Book review: Working hard is for suckers, and other secrets to success

A new bestselling corporate manifesto rages against the machine.

Nothing sells like an anti-hero. The past century of American literature is littered with them, from Scarlett O’Hara to Fight Club‘s Tyler Durden. Popular music has absorbed the punk rock ethos that produced scabby icons like Johnny Rotten and Kurt Cobain. And the movie posters most often hung on dormitory walls pay tribute to the likes of Taxi Driver‘s Travis Bickle, or Twilight‘s emo vampire, Edward. If you want a cult instead of an audience, sell a compelling antihero. Better yet: become one.

It’s not clear whether Jason Fried and David Heinemeier Hansson set out to market themselves as Internet anti-heroes, or whether they really are every bit as cranky and contrarian as their reputations suggest. The two are partners in 37Signals, and while they’d prefer you didn’t call it an “Internet company” — too many negative connotations of boom and bust and spending money on stupid things — it’s hard to know what else to call it.

Founded in Chicago in 1999, the firm’s output includes the web-based project management platform Basecamp, and a company ethos that’s broadcast through their heavily trafficked “design and usability” blog, Signal vs. Noise . That ethos is now packaged up in Rework (Crown Business), already a bestseller. Co-authored by Fried and Hansson, it’s the firm’s second book, and while their first, Getting Real, focused explicitly on web-based app design, their latest effort aims to bottle their disdain for their peers and competitors, and provide a contrarian manifesto for anyone starting a business.

“This book isn’t based on academic theories. It’s based on our experience,” they write off the top. “We’ve seen two recessions, one burst bubble, business-model shifts, and doom-and-gloom predictions come and go — and we’ve remained profitable through it all.” Though the firm claims millions of dollars in annual profits, they’ve chosen to remain small, and in so doing, they reject practically every truism about how to run a successful business. Their sixteen employees are scattered across eight cities; they don’t bother with advertising or PR, or even budgets, plans or meetings. They don’t have a board, and as a rule, they turn away offers from outside investors (with the exception of founder Jeff Bezos, who was allowed to buy a minority stake on the condition he never pressure them to go public, or to scale up and sell out, literally or figuratively). And they do it all with a cultivated sneer that’s earned them extensive media coverage, and praise from the likes of marketing guru Seth Godin.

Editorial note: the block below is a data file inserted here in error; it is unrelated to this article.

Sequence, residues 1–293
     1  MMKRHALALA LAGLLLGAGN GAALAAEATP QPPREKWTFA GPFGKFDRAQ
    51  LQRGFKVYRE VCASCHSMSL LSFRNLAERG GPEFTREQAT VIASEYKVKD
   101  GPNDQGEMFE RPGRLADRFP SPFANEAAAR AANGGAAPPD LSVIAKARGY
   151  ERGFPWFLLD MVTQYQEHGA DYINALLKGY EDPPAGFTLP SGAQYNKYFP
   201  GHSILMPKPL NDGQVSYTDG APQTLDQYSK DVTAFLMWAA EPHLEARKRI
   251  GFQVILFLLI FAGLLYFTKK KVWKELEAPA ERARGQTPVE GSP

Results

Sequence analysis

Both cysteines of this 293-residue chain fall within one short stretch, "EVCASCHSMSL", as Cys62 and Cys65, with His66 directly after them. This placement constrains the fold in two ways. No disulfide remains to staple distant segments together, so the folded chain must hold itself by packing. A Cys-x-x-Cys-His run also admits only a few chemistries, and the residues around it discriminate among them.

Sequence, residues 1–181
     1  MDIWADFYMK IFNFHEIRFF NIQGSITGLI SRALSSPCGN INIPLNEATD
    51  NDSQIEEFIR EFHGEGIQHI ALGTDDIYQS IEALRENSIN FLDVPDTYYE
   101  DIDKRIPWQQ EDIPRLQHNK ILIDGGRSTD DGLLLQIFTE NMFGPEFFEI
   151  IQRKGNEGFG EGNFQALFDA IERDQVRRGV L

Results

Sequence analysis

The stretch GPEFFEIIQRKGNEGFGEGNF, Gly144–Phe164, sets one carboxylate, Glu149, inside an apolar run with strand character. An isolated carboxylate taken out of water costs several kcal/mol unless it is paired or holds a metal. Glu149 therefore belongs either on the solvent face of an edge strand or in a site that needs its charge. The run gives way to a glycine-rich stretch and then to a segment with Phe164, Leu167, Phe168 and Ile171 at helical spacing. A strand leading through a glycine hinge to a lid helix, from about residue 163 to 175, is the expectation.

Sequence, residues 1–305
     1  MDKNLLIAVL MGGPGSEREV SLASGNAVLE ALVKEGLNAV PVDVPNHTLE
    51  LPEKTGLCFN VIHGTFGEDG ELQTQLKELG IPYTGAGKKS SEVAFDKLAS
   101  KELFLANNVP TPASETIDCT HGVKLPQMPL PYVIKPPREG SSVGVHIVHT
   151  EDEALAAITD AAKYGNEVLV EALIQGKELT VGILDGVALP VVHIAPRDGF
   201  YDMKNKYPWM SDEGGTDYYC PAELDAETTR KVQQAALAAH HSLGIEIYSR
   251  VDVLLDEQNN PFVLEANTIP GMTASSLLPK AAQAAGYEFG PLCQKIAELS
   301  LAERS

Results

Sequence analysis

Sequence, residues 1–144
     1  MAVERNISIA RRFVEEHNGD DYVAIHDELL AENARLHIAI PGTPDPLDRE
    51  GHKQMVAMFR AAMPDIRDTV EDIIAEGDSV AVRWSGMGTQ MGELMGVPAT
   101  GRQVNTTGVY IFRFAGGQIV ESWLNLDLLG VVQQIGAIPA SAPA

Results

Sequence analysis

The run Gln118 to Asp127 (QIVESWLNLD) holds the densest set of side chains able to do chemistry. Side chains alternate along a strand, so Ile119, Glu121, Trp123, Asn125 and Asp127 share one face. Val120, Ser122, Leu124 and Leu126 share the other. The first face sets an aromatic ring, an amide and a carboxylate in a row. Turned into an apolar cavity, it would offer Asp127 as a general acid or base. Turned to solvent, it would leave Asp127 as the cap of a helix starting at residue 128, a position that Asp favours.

That sneer is applied to conventional business wisdom throughout Rework‘s 80-odd brief chapters, as Fried and Hansson briskly dismiss some of the alleged principles of success. “Learning from mistakes is overrated,” they write, dispelling the old maxim that a startup should fail early and fail often. “Other people’s failures are just that: other people’s failures.” Plans are dismissed as glorified guesses, unless they’re bite-sized and immediate-term. The idea that growth is inherently a good thing is rejected out of hand. The word ‘entrepreneur’ is taken behind the barn and shot, on the grounds that it “smells like a members-only club.”

Other sacred cows for the slaughter: delegation and meetings. Delegators, they say, “clog the pipes for others by coming up with busywork. And when they run out of work to assign, they make up more.” And delegators love to act self-important at meetings, which are inherently a waste of time. They produce little actual progress, draining resources exponentially, and of course, “they often include at least one moron who inevitably gets his turn to waste everyone’s time with nonsense.”

Forget too, the notion that pouring long hours into your job is in any way a good or noble thing. Workaholics are simply those who don’t work efficiently enough during the day, and forgoing sleep is suicidal, except in the rarest of circumstances. As for mandating the number of hours that their employees work in a week, Fried and Hansson say they don’t care, so long as the work gets done.

Beyond the self-conscious bluster of aphorisms like “Emulate drug dealers” and “Good enough is fine,” the ideas in Rework mostly centre around a belief in the power and importance of self-limitation. They don’t see the point in growing for growth’s sake, or in compromising your product’s essence to cater to a potentially larger audience when the one you have is sufficient. They find inspiration, for example, in celebrity chef Gordon Ramsay, whose reality television adventures include salvage jobs on failing restaurants. Among his first steps is always to reduce the number of options on a restaurant’s menu, from 30 down to 10. “When things aren’t working,” they write, “the natural inclination is to throw more at the problem. More people, time, and money. All that ends up doing is making the problem bigger. The right way to go is the opposite direction: Cut back.”